It’s official. The small car wars have begun. It started with the introduction of both the 2011 Chevy Cruze and 2011 Hyundai Elantra last year—of which the Elantra is a truly compelling package. But with the 2012 Focus—available in early 2011—Ford is bringing some real competition for the seeming-to-have-it-all Elantra. Both cars offer incredible fuel efficiency in a good-looking and well-designed package, laden with some seriously cool technology.

Today, a market that for years has been known as the resting ground of uninspired econoboxes, is lively with competition—even the venerable Toyota Corolla and Honda Civic will be getting much needed refreshes to maintain competitiveness. Whereas before the small car market was content to just limp along with anemic sales, it’s current vibrancy is being pushed along by rising gas prices, increased environmental awareness and looming stringent fuel economy regulations.

And the 2012 Ford Focus is perhaps the most interesting of these new small car offerings to date. In my 2011 Elantra review, I said the Elantra was the equivalent of an automotive Unicorn. And if that’s the case, the 2012 Ford Focus is a Unicorn with demon horns. Let me explain.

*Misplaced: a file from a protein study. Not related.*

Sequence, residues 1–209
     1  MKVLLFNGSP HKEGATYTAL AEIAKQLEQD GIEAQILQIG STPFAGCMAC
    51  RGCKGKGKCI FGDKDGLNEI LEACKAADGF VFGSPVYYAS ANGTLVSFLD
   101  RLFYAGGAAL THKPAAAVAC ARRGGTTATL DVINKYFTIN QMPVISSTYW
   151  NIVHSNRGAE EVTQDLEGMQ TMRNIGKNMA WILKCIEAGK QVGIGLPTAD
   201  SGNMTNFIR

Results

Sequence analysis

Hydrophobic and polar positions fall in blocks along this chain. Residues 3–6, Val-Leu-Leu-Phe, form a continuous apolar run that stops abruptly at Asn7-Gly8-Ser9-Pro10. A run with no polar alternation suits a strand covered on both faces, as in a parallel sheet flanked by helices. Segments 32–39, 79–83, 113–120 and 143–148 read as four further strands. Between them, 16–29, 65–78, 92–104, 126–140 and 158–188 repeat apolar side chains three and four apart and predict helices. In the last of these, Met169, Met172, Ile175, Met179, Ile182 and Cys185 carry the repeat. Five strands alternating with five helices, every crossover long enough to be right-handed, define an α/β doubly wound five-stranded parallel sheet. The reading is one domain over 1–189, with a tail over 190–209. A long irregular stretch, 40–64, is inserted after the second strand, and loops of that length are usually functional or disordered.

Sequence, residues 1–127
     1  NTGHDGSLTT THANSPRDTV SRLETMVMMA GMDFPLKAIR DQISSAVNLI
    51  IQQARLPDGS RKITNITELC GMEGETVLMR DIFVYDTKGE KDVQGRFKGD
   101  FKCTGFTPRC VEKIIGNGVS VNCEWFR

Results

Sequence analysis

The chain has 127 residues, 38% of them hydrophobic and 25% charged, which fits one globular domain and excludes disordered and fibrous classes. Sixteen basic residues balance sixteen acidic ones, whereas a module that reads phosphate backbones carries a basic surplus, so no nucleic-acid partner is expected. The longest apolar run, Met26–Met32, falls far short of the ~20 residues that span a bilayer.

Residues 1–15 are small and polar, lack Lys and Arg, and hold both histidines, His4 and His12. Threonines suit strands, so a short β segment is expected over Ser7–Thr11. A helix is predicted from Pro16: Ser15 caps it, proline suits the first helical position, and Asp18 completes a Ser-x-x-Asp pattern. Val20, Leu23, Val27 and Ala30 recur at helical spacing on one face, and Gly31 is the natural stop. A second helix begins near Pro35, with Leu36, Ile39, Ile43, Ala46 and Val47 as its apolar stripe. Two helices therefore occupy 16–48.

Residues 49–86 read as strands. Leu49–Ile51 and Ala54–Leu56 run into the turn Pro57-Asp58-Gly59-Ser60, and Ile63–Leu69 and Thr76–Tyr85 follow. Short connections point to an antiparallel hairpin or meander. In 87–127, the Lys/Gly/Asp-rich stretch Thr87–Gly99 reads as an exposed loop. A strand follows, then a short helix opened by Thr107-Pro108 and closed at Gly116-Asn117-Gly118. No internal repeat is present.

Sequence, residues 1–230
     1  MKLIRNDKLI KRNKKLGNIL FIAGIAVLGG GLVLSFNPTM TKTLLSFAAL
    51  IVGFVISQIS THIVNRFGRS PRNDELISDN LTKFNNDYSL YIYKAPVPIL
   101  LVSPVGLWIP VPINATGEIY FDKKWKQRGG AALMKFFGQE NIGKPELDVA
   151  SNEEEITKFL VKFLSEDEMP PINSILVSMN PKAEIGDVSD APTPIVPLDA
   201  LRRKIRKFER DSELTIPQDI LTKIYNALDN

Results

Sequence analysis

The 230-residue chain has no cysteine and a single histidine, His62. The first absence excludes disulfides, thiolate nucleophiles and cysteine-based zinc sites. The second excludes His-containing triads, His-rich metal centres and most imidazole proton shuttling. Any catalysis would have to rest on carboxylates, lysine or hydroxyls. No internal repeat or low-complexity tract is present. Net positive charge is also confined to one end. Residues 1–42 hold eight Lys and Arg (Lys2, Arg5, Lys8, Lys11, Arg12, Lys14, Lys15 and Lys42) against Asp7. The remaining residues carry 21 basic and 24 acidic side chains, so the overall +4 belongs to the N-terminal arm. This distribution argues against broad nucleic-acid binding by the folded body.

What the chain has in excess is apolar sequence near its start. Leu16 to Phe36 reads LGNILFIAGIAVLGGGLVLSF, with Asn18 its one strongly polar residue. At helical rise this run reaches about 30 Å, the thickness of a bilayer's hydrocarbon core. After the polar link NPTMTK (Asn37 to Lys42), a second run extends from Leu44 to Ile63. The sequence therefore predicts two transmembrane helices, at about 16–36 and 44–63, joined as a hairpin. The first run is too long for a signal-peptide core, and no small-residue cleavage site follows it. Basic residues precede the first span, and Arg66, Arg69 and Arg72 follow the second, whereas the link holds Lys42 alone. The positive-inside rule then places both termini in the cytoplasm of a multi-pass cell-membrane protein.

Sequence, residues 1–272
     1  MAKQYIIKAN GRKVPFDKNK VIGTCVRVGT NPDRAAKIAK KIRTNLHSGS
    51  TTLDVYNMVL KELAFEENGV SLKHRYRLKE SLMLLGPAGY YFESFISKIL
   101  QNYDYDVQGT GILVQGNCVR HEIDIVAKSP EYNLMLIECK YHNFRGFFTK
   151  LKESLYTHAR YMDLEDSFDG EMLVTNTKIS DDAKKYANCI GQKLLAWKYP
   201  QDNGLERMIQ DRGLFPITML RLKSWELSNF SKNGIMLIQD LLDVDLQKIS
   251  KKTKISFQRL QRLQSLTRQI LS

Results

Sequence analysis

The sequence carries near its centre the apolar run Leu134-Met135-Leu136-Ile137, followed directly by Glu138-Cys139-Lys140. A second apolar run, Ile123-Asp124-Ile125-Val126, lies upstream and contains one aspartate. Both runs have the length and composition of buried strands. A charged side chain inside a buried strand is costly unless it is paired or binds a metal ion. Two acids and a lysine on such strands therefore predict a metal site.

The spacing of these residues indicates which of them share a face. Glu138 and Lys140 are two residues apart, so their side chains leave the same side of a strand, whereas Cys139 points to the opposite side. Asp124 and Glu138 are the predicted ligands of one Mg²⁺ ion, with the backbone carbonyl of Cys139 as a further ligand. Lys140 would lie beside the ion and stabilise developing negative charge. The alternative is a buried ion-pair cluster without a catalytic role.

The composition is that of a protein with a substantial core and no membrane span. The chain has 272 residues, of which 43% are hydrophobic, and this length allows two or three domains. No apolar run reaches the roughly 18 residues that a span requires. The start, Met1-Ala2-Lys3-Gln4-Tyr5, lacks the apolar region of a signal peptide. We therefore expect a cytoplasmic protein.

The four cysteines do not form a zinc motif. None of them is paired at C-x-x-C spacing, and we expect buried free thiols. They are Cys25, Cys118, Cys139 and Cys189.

It Can Turn You Into a Race Car Driver, But Sips Gas With the Best of Them

The 2012 Focus comes with a group of standard features—torque vectoring control chief among them—that make even the least confident drivers among us feel like they know exactly what they’re doing when they hit a corner at high speeds. What is torque vectoring control? Suffice it to say that it uses the car’s brakes to apply more force to the inside wheels in a corner, with grip subsequently being transferred to the outside wheels. The result? A driving experience normally reserved for high-performance motoring. Seriously, it’s that fun.

Fun to Drive and 40 miles per gallon.

While torque vectoring can be given the lion’s share of the credit for the Focus’ driving dynamics, the vehicle also benefits from beefy front and rear stabilizer bars, available four-wheel disc brakes, and a substantial 160 horsepower 2.0-liter engine.

When I had the car full throttle in the canyons surrounding Malibu last week, it took a hold of my wild side and pushed me to take it to the limits. I was entering corners cautioned for 25 mph at 50 mph and hardly slowed down, coming out the other side feeling energized by the experience. I did this corner after corner and every time the result was the same.

Ford Focus

And while performance is normally associated with lower fuel economy, the 2012 Focus is estimated to return 40 mpg on the highway (official EPA fuel economy hasn’t been released yet). Don’t get me wrong, if you drive this car like I did for a couple of hours on windy back roads, you likely won’t get anywhere near 40 mpg. But when driven as you would normally drive a car on a day-to-day basis, you’ll find it behaves like a docile puppy and sips fuel in a miserly fashion. With a standard louvered grille, advanced engine technology and low wind resistance, the Focus is designed for it.

The Opening Bid is Incredibly Reasonable, But it Tops Out at The High End